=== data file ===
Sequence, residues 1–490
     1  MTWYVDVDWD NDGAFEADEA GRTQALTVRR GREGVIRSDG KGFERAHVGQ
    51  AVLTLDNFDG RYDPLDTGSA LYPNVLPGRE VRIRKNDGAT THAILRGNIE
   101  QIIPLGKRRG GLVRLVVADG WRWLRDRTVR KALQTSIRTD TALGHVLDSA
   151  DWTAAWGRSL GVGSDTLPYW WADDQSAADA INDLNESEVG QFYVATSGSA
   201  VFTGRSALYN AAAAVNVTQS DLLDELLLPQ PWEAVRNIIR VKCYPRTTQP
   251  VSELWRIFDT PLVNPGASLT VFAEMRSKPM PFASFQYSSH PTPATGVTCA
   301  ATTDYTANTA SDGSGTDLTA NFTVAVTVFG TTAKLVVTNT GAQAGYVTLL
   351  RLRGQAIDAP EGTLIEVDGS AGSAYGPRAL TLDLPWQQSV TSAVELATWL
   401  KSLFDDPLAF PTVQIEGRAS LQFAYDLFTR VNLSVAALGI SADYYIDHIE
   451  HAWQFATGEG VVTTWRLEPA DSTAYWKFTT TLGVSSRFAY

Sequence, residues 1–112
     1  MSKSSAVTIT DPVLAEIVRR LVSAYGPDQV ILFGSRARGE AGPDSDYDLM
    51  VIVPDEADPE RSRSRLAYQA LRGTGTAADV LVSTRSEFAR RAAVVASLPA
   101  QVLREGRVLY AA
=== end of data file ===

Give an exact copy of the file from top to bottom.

Sequence, residues 1–490
     1  MTWYVDVDWD NDGAFEADEA GRTQALTVRR GREGVIRSDG KGFERAHVGQ
    51  AVLTLDNFDG RYDPLDTGSA LYPNVLPGRE VRIRKNDGAT THAILRGNIE
   101  QIIPLGKRRG GLVRLVVADG WRWLRDRTVR KALQTSIRTD TALGHVLDSA
   151  DWTAAWGRSL GVGSDTLPYW WADDQSAADA INDLNESEVG QFYVATSGSA
   201  VFTGRSALYN AAAAVNVTQS DLLDELLLPQ PWEAVRNIIR VKCYPRTTQP
   251  VSELWRIFDT PLVNPGASLT VFAEMRSKPM PFASFQYSSH PTPATGVTCA
   301  ATTDYTANTA SDGSGTDLTA NFTVAVTVFG TTAKLVVTNT GAQAGYVTLL
   351  RLRGQAIDAP EGTLIEVDGS AGSAYGPRAL TLDLPWQQSV TSAVELATWL
   401  KSLFDDPLAF PTVQIEGRAS LQFAYDLFTR VNLSVAALGI SADYYIDHIE
   451  HAWQFATGEG VVTTWRLEPA DSTAYWKFTT TLGVSSRFAY

Sequence, residues 1–112
     1  MSKSSAVTIT DPVLAEIVRR LVSAYGPDQV ILFGSRARGE AGPDSDYDLM
    51  VIVPDEADPE RSRSRLAYQA LRGTGTAADV LVSTRSEFAR RAAVVASLPA
   101  QVLREGRVLY AA